Definition of dye in US English:


nounPlural dyes

  • A natural or synthetic substance used to add a color to or change the color of something.

    • ‘After the yarn had been spun it would be dyed using natural dyes.’
    • ‘Gia bleached her hair blond and Josh liked playing with hair dye.’
    • ‘I quickly made way to the hair dye and looked at the many colors.’
    • ‘Ammonia in hair dye softens the hair shaft to allow the colourant to penetrate and adhere to it.’
    • ‘Tattoo dyes, particularly red dye, can cause allergic skin reactions, resulting in an itchy rash at the tattoo site.’
    • ‘Urzela, a natural substance used in dyes, was another imported crop.’
    • ‘The woman couldn't help but feel a little envious, seeing how natural her hair looked without any dye in it at all.’
    • ‘I had bought a box of black hair dye earlier with the intention of using it, but had lost my nerve when I got home with it.’
    • ‘I washed the black dye out of my hair and bleached it a bright white-blonde.’
    • ‘Biologists have long used fluorescent dyes that selectively attach to particular molecules, allowing them to detect certain cells or proteins in a sample.’
    • ‘To pick out fingerprints, for example, they often dust with fluorescent dye under a black light.’
    • ‘One of the major practical applications of chromophore chemistry is in the manufacture of synthetic dyes, or dyestuffs, for textiles.’
    • ‘It was made with natural and synthetic dyes on wool.’
    • ‘His black hair dye, piercings, and all of the other punk-related objects were gone.’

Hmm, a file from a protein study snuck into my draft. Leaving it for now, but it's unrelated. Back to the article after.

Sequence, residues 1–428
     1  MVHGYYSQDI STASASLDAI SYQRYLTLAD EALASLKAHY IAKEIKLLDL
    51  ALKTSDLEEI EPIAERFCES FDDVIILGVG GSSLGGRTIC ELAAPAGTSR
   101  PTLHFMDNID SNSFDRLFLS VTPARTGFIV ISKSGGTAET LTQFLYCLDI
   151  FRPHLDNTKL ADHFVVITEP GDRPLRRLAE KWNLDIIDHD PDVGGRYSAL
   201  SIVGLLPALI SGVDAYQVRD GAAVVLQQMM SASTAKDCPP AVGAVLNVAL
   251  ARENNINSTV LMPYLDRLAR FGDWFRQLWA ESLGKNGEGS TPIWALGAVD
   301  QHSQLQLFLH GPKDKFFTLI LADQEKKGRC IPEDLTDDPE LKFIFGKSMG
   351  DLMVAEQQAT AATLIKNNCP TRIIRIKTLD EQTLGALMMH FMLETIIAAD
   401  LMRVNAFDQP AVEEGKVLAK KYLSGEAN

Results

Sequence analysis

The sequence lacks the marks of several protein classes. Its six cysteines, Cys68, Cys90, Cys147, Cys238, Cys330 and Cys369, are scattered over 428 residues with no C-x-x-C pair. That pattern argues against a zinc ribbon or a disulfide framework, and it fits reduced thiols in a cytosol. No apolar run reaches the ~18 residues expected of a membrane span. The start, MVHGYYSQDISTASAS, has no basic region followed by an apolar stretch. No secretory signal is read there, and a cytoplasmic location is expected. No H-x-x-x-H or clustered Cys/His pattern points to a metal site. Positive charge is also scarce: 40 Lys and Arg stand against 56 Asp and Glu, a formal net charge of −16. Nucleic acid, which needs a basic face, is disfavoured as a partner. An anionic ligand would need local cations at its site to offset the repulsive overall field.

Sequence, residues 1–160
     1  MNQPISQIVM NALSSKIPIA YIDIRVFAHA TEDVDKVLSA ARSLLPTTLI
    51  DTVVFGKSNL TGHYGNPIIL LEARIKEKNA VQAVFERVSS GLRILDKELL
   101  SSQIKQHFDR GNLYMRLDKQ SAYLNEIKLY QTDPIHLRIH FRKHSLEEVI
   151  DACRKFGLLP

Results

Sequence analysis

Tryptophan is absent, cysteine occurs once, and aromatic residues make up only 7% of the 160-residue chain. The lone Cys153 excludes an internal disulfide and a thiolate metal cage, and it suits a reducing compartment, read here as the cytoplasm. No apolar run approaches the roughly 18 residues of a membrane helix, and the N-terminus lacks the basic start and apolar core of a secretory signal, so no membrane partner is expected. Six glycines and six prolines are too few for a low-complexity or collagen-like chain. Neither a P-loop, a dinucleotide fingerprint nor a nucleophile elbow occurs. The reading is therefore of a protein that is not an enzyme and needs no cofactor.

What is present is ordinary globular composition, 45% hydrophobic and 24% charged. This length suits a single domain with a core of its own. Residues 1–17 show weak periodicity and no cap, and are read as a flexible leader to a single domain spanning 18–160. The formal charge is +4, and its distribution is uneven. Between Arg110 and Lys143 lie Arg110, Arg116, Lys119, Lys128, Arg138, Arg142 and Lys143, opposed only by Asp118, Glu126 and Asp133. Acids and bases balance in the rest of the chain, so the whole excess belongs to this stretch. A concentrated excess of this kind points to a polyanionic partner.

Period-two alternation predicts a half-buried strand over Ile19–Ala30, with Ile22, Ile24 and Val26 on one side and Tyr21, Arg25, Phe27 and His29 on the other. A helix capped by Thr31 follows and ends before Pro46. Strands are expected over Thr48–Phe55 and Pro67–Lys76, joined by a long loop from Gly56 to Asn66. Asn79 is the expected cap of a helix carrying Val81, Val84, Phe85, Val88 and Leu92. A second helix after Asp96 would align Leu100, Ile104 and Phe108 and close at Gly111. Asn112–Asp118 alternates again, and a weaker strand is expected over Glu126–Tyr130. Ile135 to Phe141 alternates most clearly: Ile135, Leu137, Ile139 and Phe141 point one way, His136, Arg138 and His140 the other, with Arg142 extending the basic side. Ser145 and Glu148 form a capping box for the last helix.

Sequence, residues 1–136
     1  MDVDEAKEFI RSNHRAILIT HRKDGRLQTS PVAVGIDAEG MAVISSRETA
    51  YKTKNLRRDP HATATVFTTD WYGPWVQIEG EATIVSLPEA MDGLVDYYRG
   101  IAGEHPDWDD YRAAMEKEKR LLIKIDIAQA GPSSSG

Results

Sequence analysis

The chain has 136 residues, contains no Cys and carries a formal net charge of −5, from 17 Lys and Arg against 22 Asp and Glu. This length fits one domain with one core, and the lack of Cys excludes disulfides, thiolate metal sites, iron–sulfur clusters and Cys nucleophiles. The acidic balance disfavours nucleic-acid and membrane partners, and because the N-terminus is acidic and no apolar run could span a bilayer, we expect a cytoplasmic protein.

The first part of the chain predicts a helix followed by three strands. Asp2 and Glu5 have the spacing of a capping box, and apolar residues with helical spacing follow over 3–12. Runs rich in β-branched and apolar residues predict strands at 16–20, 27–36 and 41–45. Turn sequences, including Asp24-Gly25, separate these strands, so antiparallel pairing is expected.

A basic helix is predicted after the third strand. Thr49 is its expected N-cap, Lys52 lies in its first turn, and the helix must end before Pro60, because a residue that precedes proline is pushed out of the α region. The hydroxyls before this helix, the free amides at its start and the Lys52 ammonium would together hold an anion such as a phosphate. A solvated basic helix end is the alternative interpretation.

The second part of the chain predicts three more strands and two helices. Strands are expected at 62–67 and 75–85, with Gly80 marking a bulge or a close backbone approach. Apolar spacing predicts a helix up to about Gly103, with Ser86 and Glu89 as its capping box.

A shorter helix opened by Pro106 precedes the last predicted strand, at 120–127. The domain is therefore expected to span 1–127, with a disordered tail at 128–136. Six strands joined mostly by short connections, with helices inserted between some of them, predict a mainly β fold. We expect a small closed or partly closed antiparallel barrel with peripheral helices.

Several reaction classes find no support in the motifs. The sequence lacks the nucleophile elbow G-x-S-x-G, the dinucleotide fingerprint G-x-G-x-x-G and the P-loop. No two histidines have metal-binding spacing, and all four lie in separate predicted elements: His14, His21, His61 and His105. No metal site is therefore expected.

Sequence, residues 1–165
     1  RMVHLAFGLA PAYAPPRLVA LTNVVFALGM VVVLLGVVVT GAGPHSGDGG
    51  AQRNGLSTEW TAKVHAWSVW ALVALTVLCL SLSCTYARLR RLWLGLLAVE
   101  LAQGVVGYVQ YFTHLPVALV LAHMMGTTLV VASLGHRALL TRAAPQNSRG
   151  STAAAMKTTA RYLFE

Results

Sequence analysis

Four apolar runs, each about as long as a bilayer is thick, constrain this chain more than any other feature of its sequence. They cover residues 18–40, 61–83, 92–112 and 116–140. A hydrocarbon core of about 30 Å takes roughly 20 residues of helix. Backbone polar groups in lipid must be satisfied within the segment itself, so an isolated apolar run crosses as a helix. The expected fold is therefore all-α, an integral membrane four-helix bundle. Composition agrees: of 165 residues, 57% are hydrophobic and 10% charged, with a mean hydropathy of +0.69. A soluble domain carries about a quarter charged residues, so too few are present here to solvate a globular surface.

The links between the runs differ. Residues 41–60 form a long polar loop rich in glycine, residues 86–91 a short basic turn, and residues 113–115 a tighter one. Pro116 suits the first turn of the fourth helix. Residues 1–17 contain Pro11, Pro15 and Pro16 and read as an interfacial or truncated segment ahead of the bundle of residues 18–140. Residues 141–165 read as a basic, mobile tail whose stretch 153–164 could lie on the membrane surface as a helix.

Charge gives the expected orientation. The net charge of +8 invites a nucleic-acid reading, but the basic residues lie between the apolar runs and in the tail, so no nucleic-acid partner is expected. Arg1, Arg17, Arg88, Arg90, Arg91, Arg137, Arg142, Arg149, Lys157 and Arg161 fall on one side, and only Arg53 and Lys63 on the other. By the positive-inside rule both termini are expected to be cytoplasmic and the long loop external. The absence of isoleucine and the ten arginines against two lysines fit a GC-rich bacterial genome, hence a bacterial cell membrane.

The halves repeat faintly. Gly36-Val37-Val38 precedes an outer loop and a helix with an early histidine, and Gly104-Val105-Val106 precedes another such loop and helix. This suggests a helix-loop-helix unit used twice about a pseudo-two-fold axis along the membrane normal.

• ‘We've used some vegetable dyes with varying success.’
    • ‘In 1856 a colour was discovered, mauve, our first synthetic dye.’
    • ‘Shelves lined the walls containing hair dye, gel, conditioner and a wide variety of shampoos and shaving lotions.’
    • ‘For the most part, though, manufacturers adopted recipes using synthetic dyes, or mixtures of synthetic and natural dyes, to provide whatever colors were in demand.’
    • ‘This article deals with the printmaking process, the color dyes and the papers used.’
    • ‘Natural dye from the juice of pokeberries splashed a rosy glow on the cheeks.’
    colourant, colouring agent, colouring, colour, dyestuff, pigment, tint, stain, wash
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verbdyeing, dyed, dyes

[with object]
  • 1Add a color to or change the color of (something) by soaking it in a solution impregnated with a dye.

    with complement ‘I dyed my hair blond’
    • ‘On the advice of her lawyers, she dyed her hair platinum blonde and wore a two-piece black suit.’
    • ‘‘When your mom takes you to the store to buy your hair dye and then dyes it for you, you're not getting the true meaning of punk,’ he states.’
    • ‘Today, the indigo used to dye the heavy cotton fibers to make denim is produced synthetically.’
    • ‘Paper pulp is dyed with textile dyes and cut images are pressed into the paper when wet.’
    • ‘She will probably recommend that you dye the pants black or a very dark color.’
    • ‘Taking a spare molex extension cable, I vinyl dyed it black and put a cable tie around it to keep the wires from tangling.’
    • ‘In acid dyes, which are good for dyeing wool, silk, and acrylics, the chromophores are part of a negative ion.’
    • ‘Since they leave an indelible black stain on everything they touch, they are perhaps best reserved for dyeing sheepskins black, as in the Rio Grande Valley.’